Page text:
Feb. 24, 2012
By Kristen Lange
"I never thought I would play basketball in college," senior basketball player Conner Fenlon said. "I thought I would just go to a small school in Tampa and just be a student."
Four years later, Fenlon now finds the end of his senior year at Siena creeping up on him.
Conner's interest in basketball has been evident all his life. His father, Joe, and his uncles all played basketball. Joe played collegiate basketball at the University of Wisconsin La Crosse, and he is now in his twenty-ninth year as a high school basketball coach, a tenure that included a time when his son was on the team.
"It was easier for me than it was for him being the fact that he got more grief than the rest of the kids," the elder Fenlon said. "You need to make sure you don't play favorites, but it was probably one of the most rewarding experiences for me in coaching."
Fenlon started for his father for three years of his high school career, and twice led the city of Tampa in assists. Joe noted that his son was always a team player, and that individual accolades were never priorities.
Joe also sparked his son's interest in Siena. Joe originally met former Siena head coach Fran McCaffery when McCaffery was an assistant coach in Notre Dame, and the two stayed in contact. When Fenlon heard McCaffery and the Saints were coming to Tampa for the NCAA tournament, he insisted McCaffery's team come practice at his gym.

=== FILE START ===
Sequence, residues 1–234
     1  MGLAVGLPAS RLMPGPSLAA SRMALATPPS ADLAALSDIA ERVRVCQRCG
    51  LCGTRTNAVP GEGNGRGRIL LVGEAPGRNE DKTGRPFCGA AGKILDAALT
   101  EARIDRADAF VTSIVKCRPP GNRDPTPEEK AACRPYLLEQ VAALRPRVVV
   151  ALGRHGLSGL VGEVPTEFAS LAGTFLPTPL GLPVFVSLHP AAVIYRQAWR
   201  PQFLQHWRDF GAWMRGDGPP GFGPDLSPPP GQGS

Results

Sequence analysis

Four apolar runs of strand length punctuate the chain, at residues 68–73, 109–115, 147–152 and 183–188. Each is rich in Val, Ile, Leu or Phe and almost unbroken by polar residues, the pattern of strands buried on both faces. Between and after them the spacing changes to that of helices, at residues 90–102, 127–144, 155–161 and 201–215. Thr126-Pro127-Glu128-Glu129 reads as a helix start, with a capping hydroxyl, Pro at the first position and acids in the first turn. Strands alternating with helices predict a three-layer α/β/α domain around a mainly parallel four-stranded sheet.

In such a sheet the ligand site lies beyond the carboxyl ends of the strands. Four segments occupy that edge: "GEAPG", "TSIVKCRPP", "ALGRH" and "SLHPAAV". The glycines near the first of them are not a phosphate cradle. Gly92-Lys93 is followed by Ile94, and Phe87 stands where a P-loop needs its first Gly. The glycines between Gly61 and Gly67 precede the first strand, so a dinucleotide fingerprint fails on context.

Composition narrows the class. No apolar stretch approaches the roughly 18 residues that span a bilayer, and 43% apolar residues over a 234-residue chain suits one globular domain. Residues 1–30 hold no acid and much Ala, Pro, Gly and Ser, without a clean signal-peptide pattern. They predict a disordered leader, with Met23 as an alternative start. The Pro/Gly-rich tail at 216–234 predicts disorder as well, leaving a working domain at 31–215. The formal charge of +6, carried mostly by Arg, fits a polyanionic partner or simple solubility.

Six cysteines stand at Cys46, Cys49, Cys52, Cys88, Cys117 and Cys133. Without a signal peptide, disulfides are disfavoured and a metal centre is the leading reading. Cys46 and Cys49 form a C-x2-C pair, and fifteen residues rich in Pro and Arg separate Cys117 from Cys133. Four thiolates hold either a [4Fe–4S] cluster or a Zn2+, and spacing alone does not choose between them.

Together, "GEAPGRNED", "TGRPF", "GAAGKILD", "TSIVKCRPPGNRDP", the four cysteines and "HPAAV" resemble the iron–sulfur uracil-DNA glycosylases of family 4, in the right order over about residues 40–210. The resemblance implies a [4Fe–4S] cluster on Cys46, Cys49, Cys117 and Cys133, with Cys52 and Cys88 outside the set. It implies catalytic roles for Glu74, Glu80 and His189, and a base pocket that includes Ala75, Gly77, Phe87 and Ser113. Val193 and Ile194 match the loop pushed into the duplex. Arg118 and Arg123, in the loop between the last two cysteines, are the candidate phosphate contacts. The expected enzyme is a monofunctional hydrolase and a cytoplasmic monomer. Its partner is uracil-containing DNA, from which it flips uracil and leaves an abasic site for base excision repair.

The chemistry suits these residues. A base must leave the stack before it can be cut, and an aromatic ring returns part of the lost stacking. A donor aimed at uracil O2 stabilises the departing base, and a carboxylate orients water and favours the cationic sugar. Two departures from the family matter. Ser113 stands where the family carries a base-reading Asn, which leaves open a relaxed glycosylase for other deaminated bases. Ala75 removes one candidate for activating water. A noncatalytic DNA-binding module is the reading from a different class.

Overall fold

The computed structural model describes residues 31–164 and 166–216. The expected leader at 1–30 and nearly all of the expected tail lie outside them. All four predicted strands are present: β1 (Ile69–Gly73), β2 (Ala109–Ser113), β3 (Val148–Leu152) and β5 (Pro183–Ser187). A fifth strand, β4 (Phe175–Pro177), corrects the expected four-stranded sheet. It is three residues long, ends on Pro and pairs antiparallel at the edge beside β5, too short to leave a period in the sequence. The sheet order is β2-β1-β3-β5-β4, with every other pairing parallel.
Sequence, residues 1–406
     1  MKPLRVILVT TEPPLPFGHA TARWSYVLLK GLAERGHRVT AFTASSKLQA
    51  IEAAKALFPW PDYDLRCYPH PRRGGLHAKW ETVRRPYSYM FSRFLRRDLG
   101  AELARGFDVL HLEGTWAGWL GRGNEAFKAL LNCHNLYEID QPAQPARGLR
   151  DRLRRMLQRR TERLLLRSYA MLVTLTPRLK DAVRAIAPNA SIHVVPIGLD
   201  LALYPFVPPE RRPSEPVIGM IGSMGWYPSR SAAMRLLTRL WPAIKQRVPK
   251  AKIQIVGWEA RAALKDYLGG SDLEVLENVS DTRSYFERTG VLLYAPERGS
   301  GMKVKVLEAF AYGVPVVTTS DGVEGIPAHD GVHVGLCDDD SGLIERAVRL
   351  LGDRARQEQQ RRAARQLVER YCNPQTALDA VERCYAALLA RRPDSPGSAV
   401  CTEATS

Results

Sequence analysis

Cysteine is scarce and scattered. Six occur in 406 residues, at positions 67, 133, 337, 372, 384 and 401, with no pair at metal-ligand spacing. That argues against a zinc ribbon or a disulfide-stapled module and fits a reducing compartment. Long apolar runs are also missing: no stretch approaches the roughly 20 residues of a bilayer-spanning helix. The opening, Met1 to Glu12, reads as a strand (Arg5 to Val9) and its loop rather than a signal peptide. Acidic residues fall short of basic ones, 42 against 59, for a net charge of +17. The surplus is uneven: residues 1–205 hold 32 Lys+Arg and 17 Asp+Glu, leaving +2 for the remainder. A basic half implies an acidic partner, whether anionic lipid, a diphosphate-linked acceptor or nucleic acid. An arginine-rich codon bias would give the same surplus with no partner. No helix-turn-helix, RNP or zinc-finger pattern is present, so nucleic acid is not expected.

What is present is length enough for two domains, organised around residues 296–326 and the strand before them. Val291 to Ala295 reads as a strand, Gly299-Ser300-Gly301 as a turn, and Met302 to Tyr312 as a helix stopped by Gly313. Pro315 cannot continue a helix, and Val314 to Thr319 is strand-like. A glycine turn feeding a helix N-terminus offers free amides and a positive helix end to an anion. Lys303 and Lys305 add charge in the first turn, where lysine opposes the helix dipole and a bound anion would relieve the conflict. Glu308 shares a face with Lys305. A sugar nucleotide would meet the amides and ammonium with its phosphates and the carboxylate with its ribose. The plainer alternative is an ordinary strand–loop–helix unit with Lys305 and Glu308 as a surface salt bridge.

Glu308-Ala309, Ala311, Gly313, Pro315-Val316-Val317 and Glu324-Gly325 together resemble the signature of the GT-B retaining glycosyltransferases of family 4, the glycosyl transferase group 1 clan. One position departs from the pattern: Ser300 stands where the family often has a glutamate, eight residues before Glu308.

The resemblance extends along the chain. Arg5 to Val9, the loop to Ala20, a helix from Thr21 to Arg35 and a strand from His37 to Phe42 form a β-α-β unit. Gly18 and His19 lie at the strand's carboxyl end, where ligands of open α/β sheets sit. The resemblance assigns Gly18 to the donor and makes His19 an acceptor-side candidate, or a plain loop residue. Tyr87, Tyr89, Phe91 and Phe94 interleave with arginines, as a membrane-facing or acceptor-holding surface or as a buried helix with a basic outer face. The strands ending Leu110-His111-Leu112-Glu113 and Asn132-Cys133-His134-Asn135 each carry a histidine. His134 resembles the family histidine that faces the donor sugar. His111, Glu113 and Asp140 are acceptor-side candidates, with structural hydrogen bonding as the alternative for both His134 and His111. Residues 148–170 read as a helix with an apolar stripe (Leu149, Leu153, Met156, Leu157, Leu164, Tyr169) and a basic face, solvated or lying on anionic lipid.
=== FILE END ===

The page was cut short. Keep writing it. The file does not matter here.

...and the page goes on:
"I had never heard of (Siena) before," Conner said. "After I met Fran, I became interested and visited the school in May. I applied and found out I got in about a week later. It all happened so fast once it started."
This was when Fenlon knew he would become a member of the Siena basketball team. He was excited, but did not know how much of a commitment he was getting himself into.
"I knew the team was good and they saw a lot of wins," he said. "But I didn't think it would be this hectic between the traveling and the schoolwork that all happens outside of practice and games."
Conner also knew that he was entering the team in a unique position. Unlike most of the players, Fenlon came onto the team as a walk-on. With this, he did not see as much playing time and recognition as some of his teammates.
"It's frustrating sometimes," Fenlon said. "You put in the same amount of work that the rest of the guys do but you don't get the glory. Freshman year, I was lucky enough to travel, but sophomore year, there were a lot more people on the team so I didn't always get to. Last year, I kept score at a lot of the games."
Some of his experiences were discouraging, but Fenlon kept his mindset of putting the team before himself.
"He handed it far better than I would have," his father said. "(Conner) understood his role when he went up there as a freshman. His job was to show up every day and practice and try to push the kids through the work. When the team wins, he wins."
Fenlon also experienced a coaching change halfway through his collegiate career, a difficult event because McCaffery was the coach that initially lured him to Siena. Luckily for him, the vacancy was filled by former assistant coach Mitch Buonaguro.